*Jimmy Spellissy with the rehomed donkeys in Ennis. Photograph: John Mangan
A well-known figure in the county town, Jimmy Spellissy for the last quarter of a century has been taking in abused animals and providing them with a safe haven.
Not so much Noah’s Ark but Jimmy has a wide range of animals in Roslevan ranging from peacocks to peahens with dogs, pedigree race horses and donkeys also to be found in Spellissy’s care.
“We’d be born and bred here for centuries,” he told The Clare Echo of the family’s standing within Ennis. Though it is in the last quarter of a century that Jimmy has been taking in animals in need of care and without a home that require nourishment.
Last month, Jimmy took in nine donkeys, the largest amount of animals he has given a home to at the one time. A contact he made at Spancilhill Fair in 2019 alerted him that there were nine young neglected donkeys in Co Laois that were in need of care, he duly answered the call. “That is the most we’ve taken in at the one time, we’ve had twos and threes before that, that was the biggest number we’ve taken in together”.
Three of the donkeys have since been rehomed. Before they moved on to pastures new, as is the case for every animal, an inspection of their new home was conducted. “We don’t give them away until a home check has been done. After a month, we’ll do another check to see that everything is okay”.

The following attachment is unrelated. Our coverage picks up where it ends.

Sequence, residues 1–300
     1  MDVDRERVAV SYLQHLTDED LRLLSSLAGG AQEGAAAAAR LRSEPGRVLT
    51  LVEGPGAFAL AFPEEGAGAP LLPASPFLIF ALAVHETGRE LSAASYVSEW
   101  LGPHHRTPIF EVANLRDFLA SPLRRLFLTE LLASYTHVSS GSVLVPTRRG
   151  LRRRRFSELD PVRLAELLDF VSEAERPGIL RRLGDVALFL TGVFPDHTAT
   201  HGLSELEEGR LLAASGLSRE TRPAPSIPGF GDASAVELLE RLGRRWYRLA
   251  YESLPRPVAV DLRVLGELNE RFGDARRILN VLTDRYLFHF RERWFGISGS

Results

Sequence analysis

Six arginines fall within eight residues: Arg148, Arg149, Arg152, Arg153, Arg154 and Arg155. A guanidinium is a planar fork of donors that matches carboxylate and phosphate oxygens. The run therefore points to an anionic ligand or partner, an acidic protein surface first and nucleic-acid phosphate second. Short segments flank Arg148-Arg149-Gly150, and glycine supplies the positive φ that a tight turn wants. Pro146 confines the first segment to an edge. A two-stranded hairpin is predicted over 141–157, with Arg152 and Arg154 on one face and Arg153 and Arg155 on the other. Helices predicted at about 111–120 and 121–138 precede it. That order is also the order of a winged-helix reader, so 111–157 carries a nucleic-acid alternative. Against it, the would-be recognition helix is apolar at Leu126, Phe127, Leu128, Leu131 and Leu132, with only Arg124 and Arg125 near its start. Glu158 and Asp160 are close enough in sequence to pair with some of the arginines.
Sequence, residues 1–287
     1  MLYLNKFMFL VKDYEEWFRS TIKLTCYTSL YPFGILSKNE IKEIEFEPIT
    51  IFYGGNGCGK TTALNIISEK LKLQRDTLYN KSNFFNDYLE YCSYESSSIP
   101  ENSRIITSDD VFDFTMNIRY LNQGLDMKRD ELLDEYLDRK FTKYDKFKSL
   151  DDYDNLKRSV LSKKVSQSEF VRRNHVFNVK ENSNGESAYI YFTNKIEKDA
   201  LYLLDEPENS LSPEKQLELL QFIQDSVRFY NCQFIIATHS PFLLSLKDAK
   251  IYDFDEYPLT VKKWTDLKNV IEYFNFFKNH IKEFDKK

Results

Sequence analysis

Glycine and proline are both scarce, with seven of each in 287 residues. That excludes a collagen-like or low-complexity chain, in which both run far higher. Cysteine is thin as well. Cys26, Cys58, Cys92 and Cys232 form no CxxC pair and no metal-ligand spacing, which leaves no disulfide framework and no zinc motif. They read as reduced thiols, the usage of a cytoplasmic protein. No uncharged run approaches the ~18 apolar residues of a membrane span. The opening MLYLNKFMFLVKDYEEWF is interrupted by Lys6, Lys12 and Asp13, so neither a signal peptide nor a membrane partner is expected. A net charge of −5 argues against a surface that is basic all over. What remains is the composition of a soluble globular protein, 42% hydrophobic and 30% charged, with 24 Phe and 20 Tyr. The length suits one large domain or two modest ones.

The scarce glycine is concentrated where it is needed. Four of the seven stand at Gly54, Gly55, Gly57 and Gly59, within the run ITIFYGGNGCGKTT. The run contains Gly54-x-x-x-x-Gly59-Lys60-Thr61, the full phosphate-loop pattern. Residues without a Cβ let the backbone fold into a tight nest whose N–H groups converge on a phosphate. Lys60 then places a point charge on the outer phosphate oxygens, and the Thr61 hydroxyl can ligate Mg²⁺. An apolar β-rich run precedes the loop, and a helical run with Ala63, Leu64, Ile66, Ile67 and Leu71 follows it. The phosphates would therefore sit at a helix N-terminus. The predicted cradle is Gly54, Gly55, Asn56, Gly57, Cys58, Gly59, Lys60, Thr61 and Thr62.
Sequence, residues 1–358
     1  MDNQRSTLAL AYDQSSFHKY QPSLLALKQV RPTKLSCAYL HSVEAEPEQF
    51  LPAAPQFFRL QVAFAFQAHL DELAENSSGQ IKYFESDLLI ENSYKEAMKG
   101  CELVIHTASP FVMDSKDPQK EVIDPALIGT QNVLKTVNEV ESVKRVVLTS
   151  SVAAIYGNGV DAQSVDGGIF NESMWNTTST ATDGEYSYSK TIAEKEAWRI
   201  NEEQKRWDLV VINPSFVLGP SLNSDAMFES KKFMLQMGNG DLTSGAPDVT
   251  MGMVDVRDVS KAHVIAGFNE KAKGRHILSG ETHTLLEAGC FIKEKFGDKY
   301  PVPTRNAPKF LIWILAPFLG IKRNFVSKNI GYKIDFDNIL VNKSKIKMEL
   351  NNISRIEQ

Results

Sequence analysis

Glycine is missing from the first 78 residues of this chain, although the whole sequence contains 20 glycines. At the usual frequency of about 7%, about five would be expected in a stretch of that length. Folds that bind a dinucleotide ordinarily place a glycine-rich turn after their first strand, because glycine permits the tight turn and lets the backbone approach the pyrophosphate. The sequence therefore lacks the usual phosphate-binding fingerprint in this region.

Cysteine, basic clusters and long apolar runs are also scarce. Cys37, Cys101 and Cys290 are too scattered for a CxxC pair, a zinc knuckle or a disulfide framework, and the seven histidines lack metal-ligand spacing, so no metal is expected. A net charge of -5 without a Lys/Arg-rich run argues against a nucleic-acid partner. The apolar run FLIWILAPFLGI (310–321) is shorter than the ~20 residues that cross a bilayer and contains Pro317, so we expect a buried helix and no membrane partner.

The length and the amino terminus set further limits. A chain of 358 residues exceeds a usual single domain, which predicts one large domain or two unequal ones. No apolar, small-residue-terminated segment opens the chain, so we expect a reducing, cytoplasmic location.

County Dog Warden, Frankie Coote and Frances Murphy of Second Chance Animal Rescue (SCAR) carry out the assessment to see if it is save for animals to move on.
Retired race horses are keeping the six donkeys company. “We take in horses from travellers that might find it hard to keep them over the winter and give them back in the summer,” Jimmy explained.
Ordinarily, it is over the next few months that Jimmy will in demand most answering calls and aiding animals in need. “At the summer time we’d take in maybe forty or fifty animals. Winter is the problem with the feeding and the cost of feeding. In summer time you would be spending nothing only on veterinary fees, winter time is a different story, if you’re feeding 20 or 30 animals in the winter you would be spending a lot of money”.
Hundreds if not thousands of animals have came and went but when speaking to The Clare Echo, there is no animal that Jimmy pinpoints as leaving a lasting impression. “Once I get them in and look after them, bring them back to health we’re open to letting them go”.
When asked what leads an individual to spend a considerable amount of their own time caring for animals, he stated, “I had the land, I’ve always had a love for animals, I don’t really farm on it but farming hasn’t changed”.
He is keen not to be heralded as almighty for his work, “Let’s not get carried away here, I just look after the creatures. Farming is looking after an animal for months”.
Credit will not be sought but Jimmy but he is happy for individuals to donate their time or funds to support their works at the Clare Environment Education Centre. Equally, he has appealed to personnel to contact him, details of which can be obtained by a quick Google search if they know of an animal in difficulty that requires a home.